CANADA POST

CANADA POST

December 14, 2007 13:33 ET

"Saving Santa": Canada Post Instituting New Practices to Ensure Santa's Mail Gets Through

OTTAWA, ONTARIO--(Marketwire - Dec. 14, 2007) - Canada Post today announced new security measures aimed at ensuring the integrity of its popular annual volunteer Santa Letter-writing program.

"We were absolutely horrified at the news yesterday that some recipients in the Ottawa area of mail from Santa have received very inappropriate letters," said Moya Greene, the president and chief executive officer of Canada Post." We apologize again to those families affected and are taking every step possible - including cooperating fully with police - to find the people who did this and to ensure there are no repetitions."

In the last day, Canada Post has received nine reports of families receiving mail with inappropriate messages - all within the National Capital Region. A 10th such letter was discovered within a local sorting plant after the program was temporarily suspended within the region and inspections were instituted of all outgoing Santa mail. In addition, Canada Post has today received four new reports of inappropriate letters. In each case, the letters and envelopes have been turned over for investigation. Because of this, Canada Post is urging parents of children within the NCR area who have written to Santa to open the responses themselves before passing them on to their children.

With Christmas just 10 days away, and Santa's mail still flooding the Canadian mail stream, Cindy Daoust, the director of the Santa mail program, described new measures that have been put in place, effective immediately, to provide safeguards while allowing the volunteer force of more than 11,000 current and former Canada Post employees to keep the Santa mail moving.

"We are now ensuring that we have a full record of the names of each letter-writer alongside the volunteer handling the response," said Ms. Daoust. "We will keep a master list or sign-off sheet that will allow us to track who is responsible for each letter."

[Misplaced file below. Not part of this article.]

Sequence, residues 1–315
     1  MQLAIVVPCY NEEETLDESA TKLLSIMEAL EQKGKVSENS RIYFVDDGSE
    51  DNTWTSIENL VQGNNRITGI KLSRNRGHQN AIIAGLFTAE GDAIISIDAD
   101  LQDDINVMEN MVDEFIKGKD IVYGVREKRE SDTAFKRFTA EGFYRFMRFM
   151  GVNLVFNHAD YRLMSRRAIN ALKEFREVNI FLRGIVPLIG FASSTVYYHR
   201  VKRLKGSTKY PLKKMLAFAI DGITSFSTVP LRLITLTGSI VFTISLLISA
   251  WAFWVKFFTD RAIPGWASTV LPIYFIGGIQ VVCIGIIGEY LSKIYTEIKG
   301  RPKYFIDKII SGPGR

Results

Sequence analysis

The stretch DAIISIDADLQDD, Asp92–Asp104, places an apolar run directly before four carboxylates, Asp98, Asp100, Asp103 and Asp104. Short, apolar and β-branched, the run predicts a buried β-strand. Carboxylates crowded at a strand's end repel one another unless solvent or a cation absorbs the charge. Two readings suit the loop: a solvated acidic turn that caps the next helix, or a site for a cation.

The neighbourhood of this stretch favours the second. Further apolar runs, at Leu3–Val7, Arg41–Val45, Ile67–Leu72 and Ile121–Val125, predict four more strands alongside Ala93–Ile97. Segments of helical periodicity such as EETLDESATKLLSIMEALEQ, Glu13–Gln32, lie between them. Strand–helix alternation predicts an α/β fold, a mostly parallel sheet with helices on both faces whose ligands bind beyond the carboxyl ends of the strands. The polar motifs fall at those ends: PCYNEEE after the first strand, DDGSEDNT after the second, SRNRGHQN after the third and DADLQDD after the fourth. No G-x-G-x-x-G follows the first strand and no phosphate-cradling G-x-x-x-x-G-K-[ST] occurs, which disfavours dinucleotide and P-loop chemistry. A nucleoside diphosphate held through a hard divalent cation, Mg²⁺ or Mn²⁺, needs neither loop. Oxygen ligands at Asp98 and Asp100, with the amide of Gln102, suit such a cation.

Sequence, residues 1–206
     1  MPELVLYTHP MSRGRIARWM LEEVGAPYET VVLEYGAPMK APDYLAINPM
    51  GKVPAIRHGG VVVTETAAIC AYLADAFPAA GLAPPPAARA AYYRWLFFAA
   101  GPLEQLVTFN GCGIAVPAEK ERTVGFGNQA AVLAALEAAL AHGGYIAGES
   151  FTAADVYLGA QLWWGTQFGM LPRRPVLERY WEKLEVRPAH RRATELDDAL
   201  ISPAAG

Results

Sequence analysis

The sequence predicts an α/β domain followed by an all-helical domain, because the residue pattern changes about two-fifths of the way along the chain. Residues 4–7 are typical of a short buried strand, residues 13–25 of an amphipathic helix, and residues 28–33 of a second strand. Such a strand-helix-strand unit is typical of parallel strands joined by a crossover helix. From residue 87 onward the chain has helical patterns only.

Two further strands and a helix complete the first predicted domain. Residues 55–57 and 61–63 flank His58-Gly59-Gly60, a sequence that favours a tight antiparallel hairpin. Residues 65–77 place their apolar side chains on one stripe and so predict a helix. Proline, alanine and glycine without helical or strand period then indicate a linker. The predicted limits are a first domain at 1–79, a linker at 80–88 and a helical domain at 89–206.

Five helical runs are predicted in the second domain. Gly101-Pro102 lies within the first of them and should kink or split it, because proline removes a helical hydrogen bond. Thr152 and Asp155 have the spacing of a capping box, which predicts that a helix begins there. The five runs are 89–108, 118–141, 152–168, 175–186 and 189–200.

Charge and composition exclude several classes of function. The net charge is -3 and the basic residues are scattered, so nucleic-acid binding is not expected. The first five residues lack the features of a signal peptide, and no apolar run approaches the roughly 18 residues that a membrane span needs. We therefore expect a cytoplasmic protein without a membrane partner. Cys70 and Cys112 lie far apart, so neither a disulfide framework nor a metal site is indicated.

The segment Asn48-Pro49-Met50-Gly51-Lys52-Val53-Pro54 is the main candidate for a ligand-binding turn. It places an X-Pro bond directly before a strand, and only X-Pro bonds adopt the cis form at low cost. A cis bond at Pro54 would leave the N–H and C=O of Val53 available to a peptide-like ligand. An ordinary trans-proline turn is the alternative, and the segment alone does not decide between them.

Class letters will be logged in the same manner, so that information on either the school or teacher is recorded with volunteer identifying information. A permanent logging and tracking process will be included in next year's program.

Because the temporary suspension of Santa mail in the area puts at risk the on-time delivery of such mail to children before Christmas, Canada Post is also launching an internal "Save Santa" campaign, soliciting additional volunteer help from employees to help write and ship mail under the new practises. "With this extra help, we will do our utmost to reach every child before Christmas," said Ms. Daoust.

As part of related measures, Canada Post employees are working to extract Santa-related mail that is already in the system in the Ottawa area so that it can be checked for content. Canada Post has also extended the hours of operation of call centres covering the Ottawa area in order to handle related potential complaints or queries.

"This program has handled tens of millions of letters over the past quarter century around the world without complaint," said Ms. Daoust. "We are determined to ensure that level of service, and also to ensure that the dedicated efforts of our volunteers are not unfairly tarnished by these incidents.

"We send out more than a million letters from Santa a year worldwide. One or two Grinches can't stop Christmas from arriving, or Santa's letters being delivered."

Canada Post is listed in the Guinness Book of World Records for sending and receiving the most letters to Santa worldwide.

Contact Information

  • Canada Post
    Media Relations
    613 734-8847